"As I learned more about the historical side of these clowns, both good and bad, I started to realize that they are not always supposed to be funny. They can be powerful, if you make them be. I learned about the clowns that were used to mock black people, the court jesters that had an important role in the social and religious life at the time and the clowns that could apparently cure diseases.

I started being more careful when doing my looks, and not copy features meant to mock races or ethnicities. 

The more I learned, the more I was able to create my own ‘clown’, a clown that was just me.

And that’s when I started to really reclaim the word."

Makeup is a beautiful tool. We can try on and cast off faces, exploring identity and expression. But makeup doesn’t have to be a beautifier. 

Just like any art form, it can express pain, trauma, loss and anxiety. The best art is more than just “pretty.” It strikes a chord, speaks in poetry, channels emotion, and sometimes, this is far from “pretty.” 

Sia Klowne, a queer performer in clown makeup, expresses the pain of being a depressed radical feminist as they squint into the camera in a brightly patterned shirt

Sia Klowne explores this concept, saying Everyone has something inside themselves that’s broken.  How they choose to process it is a different story.  Personally, I like dressing up like my persona: Sia Klowne.

I already feel like a fool in my day to day, so being a clown just fits.  Using silliness and extreme makeup to either mask or exaggerate the sadness works perfectly as a depressed queer radical feminist.  My character, Sia Klowne, is someone who calls people out on their stupidity and clown-like behavior.  That’s why the name is 'See ya, clown!' "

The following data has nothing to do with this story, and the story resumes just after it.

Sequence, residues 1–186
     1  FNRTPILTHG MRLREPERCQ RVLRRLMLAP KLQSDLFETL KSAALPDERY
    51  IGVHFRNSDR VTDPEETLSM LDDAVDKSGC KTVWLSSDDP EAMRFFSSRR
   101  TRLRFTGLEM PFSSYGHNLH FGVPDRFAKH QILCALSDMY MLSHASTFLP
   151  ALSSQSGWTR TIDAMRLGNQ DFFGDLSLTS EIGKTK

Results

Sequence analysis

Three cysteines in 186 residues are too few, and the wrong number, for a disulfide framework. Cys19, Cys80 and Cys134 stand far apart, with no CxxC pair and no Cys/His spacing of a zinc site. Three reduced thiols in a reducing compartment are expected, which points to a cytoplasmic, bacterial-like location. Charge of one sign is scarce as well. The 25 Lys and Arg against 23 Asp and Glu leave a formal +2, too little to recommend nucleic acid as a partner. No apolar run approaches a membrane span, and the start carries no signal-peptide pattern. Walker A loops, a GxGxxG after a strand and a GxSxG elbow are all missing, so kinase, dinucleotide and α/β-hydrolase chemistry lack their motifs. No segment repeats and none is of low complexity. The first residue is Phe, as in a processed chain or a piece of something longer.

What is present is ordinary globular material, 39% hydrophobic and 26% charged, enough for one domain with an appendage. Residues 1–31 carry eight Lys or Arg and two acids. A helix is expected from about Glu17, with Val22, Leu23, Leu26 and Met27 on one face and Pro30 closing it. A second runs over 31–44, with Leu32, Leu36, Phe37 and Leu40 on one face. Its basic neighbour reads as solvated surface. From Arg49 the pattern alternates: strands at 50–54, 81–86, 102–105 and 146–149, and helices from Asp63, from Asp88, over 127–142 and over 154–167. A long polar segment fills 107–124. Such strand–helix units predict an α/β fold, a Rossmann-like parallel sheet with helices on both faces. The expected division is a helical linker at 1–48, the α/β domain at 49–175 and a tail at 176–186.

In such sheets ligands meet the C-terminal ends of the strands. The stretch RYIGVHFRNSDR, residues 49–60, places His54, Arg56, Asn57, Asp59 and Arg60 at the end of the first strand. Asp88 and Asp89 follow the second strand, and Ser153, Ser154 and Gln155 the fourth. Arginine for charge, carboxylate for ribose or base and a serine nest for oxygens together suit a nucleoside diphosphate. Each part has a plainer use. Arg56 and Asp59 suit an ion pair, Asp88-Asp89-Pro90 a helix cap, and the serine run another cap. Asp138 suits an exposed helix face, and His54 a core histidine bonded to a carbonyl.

Sia has a different take on “reclamation,” saying to them, the term clown doesn’t fit with the extremity of the slurs usually taken back, like “queer.” To them, it feels more likereinventing the word along with many others to establish a new wave of the performance art within the queer community."

I think it's worth saying that, as with any reclaimed slur (some far more severe and offensive than this) some are not ok with using this word for themselves. And this article is not permission to use that word on someone and say “but I read this article that says it’s not offensive anymore.” We still need to be respectful of what language people use for themselves and what language they want others to use! 

Maybe, by painting our faces as clowns, we can acknowledge that sometimes, we are fools. That we sometimes make mistakes, have flaws, and that we have been slandered. It’s not about making fun of ourselves, but releasing ourselves from that pressure to be perfect, to be a caricature of our stereotype, to be perpetually happy. 

When you are part of a marginalized community –being femme, LGBTQIA+, BIPOC, having disabilities or any intersection of silenced or marginalized identities – being strong, perpetually happy and unflappable is part of the expectation. Finding ways to make room for ourselves to be fallible, anxious, imperfect and just plain weird is important. For some, rocking clownery can be a part of that. We are taking what the world has slung at us, because we can’t escape it, and using it to create space for ourselves to feel and express joy, sadness, and anything in between. 

Madeline Dintino, a queer artist and creator of the Flower Punks Collective stares into the camera as a clown after a good cry, wearing Fluide products and other makeup.

Written by Madeline Dintino, pictured above